Sexual Revolution through the Decades

Back in the 1900s, there was a very limited knowledge about sex and birth control (Sochen 29).  During this time, doctors do not examine women often because they knew almost nothing about the reproductive system and controlling conception (Sochen 29). According to the Victorian moral code, women should not discuss sex with anyone and it was considered to be a social taboo (Sochen 29). There was double standard regarding morality where manly experiences were admired and feminine chastity was required (Sochen 29).

Over the years, medical technology and research regarding sex and birth control advanced throughout the decades (Sochen 29). Birth control methods are known by the people and they have been used more commonly (Sochen 29). The sexual revolution in the sixties shows how it was reminiscent of the twenties and how it heightened the level of information and perception regarding sexual matters.

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Decades of Sexual Revolution

1960s

For most social historians, the sexual revolution was a product of the 1960s (Petigny 63).  Rapid liberalization of sexual liberation rose after the rise of Alfred Kinsey and Hugh Hefner (Petigny 63). Playboy’s circulation grew from 70, 000 to more than a million and it continued to grow through the years (Marty 66). The upswing of premarital sexual behavior came in this decade after the general loosening of sexual attitudes that started a couple of decades before in the forties and the fifties (Petigny 63). During this decade, women abandoned their struggle to remain “categorized” as virgins (Petigny 63).

The traditional practices of courtship rapidly disappeared in the 1960s (Marty 65). The new patterns of interaction took place that was evident of the changes in the understandings of values and presumptions of how the world works and the ideas of the relationship between men and women (Marty 65). In their vision, a good life was constituted by good sex and material comfort (Marty 67).

It was also during this time that the Food and Drug Administration approved the marketing and use of “the pill” or oral contraceptives that loosen the remaining restraints on sexual promiscuity brought about by the fear for unwanted pregnancies (Marty 67). By 1963, more than a million women were taking this pill.

However, even if premarital sexual experience was increasing during the 1960s among young women, they still represented the same girls who chose marriage and a conventional lifestyle after such premarital practices (Sochen 29). It was rare for young people to abandon those traditional modes of behavior when it came to marriage in the 1960s (Sochen 29).

1970s

During the 1970s, the hippie lifestyle emerged strongly in the earlier years of the decade (Sochen 29). The feminist arguments have not changed much in hiding behind a utopian scenario over the years since the 1900s (Sochen 29). However, it was also in the beginning of this decade where 32 per cent general population saw marriage to be obsolete (Marty 83). There was also a decline of the young people who said that they were looking forward to marriage (Marty 83).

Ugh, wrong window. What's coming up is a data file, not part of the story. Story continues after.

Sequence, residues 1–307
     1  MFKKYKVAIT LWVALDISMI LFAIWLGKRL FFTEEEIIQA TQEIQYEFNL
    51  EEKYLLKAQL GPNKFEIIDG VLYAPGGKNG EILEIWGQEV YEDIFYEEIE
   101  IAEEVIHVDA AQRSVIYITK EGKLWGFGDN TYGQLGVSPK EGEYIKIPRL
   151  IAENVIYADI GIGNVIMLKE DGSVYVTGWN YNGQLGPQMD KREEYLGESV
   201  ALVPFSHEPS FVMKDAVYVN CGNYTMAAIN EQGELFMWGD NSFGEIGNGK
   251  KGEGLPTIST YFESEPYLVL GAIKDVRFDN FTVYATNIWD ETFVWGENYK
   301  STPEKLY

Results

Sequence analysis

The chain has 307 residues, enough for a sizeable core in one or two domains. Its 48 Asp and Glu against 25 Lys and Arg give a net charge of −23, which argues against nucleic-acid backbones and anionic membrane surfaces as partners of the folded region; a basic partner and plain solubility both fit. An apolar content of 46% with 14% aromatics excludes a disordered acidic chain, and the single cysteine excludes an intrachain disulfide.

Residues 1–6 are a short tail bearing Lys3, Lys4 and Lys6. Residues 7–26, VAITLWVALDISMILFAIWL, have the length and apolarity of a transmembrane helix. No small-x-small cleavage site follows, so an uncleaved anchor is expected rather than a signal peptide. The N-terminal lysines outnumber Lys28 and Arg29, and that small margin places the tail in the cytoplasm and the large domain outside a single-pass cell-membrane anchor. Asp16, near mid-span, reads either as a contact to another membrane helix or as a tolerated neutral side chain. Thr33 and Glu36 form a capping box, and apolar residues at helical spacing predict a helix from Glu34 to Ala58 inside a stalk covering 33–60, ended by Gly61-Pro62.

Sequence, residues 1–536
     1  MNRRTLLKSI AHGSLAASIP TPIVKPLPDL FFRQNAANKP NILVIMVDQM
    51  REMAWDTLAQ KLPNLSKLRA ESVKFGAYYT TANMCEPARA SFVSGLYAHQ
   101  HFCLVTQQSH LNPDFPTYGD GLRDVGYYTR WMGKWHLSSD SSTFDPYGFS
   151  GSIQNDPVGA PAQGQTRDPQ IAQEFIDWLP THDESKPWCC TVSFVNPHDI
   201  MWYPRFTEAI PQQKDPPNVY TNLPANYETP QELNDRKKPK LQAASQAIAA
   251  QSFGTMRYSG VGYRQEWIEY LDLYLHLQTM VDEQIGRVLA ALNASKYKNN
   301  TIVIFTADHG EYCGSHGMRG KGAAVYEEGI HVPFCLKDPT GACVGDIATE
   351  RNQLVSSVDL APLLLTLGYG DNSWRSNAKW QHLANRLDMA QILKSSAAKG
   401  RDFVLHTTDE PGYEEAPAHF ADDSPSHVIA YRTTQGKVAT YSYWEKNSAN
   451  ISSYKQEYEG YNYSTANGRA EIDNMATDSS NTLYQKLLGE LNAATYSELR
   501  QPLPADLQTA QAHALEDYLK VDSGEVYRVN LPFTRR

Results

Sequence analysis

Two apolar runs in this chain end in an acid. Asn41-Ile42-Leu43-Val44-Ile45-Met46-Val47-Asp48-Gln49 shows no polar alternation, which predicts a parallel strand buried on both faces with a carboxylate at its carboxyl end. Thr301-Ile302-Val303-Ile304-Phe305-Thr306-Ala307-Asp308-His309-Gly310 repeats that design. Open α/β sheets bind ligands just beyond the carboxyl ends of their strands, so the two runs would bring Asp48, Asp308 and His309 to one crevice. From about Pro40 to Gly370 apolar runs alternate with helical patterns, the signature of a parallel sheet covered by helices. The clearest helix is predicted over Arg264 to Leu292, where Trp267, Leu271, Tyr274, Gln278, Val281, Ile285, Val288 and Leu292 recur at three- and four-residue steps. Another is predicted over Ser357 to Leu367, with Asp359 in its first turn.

Homosexuality also gained more prominent and distinctive lifestyles that grew much more than having sexual desires and practices (Marty 85). During this time, they were already more open in engaging in gay and lesbian relationships (Marty 85). Medical perception regarding the nature of homosexuality also changes as in 1973; the American Psychiatric Association had removed the category of homosexuality as a mental disorder (Marty 85). The public perception of homosexuals had also changed, despite the fact that there was still strong antipathy towards them in some areas; the attitudes towards individuals became more tolerant (Marty 85).

When sex had become a topic open for discussion, abortion was also discussed more freely (Marty 85).  It was even given more attention when the Supreme Court ruled in Roe v. Wade that abortion laws violated rights of privacy (Marty 85). During this time, more vocal and more insistent debates regarding the pro-life and pro-choice movements spurred. Pro-life movements were against abortion and wanted to protect the rights of the unborn child while the pro-choice movement wanted to protect the rights of the women to choose whether they wanted to continue the pregnancy and abort the child.

It was also during this decade wherein divorce law also reflected the changing attitudes of the people about marriage and the values regarding the permanence of matrimony (Marty 183). The “no-fault” divorce was already implemented in the state of California. By 1977, all but three states has already adapted such law that resulted to the increase of divorce rates from irretrievable breakdown of marriage or irreconcilable differences (Marty 183).

1980s